Lovie Smith brings professionalism Illinois football hasn’t seen in years



Lovie Smith responds to questions at his press conference on Monday, March 7, 2016.

By Charlotte Carroll, Sports editor

In his first game-week press conference, Lovie Smith called himself a rookie, telling the media to take advantage of him until he really figures this out.

Lovie is new to this whole college football thing in Champaign. In technical terms, he is a rookie.

But in reality, he’s not. He’s a former NFL coach who knows what he is doing.

And when Lovie takes the field Saturday for the first time as Illini head coach, the Illinois football program will project an air of professionalism that hasn’t been seen here in years.

Smith exhibited the signature quiet confidence that marked his Chicago Bears tenure at his Monday press conference.

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In short, he was in complete control.

Unlike with recent coaches, Illinois doesn’t have to worry about Lovie ending up with his foot in his mouth. The sports media relations team can just sit back and watch Smith tear reporters apart.

A coach who has survived the Super Bowl media week doesn’t need his hand held in front of the Champaign media.

Smith’s stern, secretive attitude may make things more difficult for us, but it’s a huge relief for the team.

Senior quarterback Wes Lunt didn’t grow up a Bears fan, but always respected Lovie’s coaching acumen.

Now, the two have reportedly had their leadership styles compared favorably.

Lunt said Lovie is neither a yeller nor a screamer on the field, “but when something needs to be said, it’s said.”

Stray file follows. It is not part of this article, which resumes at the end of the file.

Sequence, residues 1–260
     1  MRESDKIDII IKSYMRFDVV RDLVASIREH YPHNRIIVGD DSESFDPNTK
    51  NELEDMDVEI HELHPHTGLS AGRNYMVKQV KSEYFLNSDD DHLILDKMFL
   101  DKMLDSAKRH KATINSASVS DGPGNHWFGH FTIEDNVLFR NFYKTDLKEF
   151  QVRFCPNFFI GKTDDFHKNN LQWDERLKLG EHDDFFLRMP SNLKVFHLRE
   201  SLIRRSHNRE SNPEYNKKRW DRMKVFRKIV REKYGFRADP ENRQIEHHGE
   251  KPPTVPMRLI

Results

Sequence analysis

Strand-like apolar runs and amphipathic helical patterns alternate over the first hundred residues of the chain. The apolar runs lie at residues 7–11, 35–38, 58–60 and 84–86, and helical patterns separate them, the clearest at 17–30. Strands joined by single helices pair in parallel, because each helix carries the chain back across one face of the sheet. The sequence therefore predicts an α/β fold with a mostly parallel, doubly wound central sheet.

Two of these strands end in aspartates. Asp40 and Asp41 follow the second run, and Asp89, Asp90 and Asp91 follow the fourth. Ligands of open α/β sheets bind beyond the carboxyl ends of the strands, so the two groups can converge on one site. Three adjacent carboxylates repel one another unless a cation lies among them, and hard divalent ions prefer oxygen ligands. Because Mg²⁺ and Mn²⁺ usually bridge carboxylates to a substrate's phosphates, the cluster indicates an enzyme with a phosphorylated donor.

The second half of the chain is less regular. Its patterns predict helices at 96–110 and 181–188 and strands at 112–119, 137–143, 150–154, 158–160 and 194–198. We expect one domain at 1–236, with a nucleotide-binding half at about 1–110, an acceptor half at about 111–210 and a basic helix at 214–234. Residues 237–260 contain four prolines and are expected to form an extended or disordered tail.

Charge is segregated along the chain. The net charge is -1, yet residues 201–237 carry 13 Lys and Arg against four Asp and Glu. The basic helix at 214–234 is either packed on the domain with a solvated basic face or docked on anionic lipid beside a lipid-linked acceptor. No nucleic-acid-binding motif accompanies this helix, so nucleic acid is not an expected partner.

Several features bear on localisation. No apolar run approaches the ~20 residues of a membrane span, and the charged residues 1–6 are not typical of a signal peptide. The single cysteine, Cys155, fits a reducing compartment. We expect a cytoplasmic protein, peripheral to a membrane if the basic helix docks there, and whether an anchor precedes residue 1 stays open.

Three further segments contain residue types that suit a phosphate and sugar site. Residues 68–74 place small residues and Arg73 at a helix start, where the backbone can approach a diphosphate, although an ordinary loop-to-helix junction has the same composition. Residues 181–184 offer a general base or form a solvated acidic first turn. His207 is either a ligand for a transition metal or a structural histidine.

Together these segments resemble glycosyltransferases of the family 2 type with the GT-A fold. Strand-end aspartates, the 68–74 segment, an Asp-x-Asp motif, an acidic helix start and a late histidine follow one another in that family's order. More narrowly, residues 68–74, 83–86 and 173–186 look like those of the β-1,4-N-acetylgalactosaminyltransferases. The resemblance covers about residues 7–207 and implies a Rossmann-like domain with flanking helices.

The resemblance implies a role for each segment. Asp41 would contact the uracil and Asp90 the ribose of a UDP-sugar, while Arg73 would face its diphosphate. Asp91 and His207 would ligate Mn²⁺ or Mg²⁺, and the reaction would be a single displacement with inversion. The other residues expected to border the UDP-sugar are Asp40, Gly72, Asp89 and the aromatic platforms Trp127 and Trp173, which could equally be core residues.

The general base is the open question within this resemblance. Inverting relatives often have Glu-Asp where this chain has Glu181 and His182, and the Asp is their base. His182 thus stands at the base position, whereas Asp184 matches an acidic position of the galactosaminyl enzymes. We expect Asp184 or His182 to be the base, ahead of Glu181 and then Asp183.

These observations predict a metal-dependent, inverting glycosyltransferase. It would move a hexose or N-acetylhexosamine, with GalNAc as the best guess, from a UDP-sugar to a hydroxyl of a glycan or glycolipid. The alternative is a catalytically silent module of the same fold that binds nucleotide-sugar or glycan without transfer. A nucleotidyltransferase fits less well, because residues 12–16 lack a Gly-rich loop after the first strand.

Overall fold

Those aligned personalities will only help the veteran Lunt take charge this season, particularly with the young skilled players surrounding him on offense.

Sophomore running back Ke’Shawn Vaughn played his first year in a program rocked by instability, but he echoed Lunt’s comments on Lovie’s professionalism.

Vaughn said that no fighting was imperative during “Camp Lovie,” as the coach gave players several warnings and threatened to kick out those who fought.

Lovie’s dealing with 18 to 21-year-olds who are trying to figure college out. Thus far, his strategy is to treat them like men.

The Illini have been riding a rollercoaster for the past year, and it’s about time they’re taken seriously as players. Lovie and Co. offer that opportunity.

With more off-field meetings in preparation, Lovie is creating a team that is well-rounded not only in shape, but in strategy.

For Vaughn, this year is “just normal.”

“It’s more relaxed around the building,” Vaughn said. “Everyone is more focused on the game. Last year, we worried about coaching. This year, we’re more focused on the game and ready to play.”

Lovie’s arrival has turned his players’ focus from the podium back to the field. And that’s a deserved, major change for the Illini.

Charlotte is a senior in Media.

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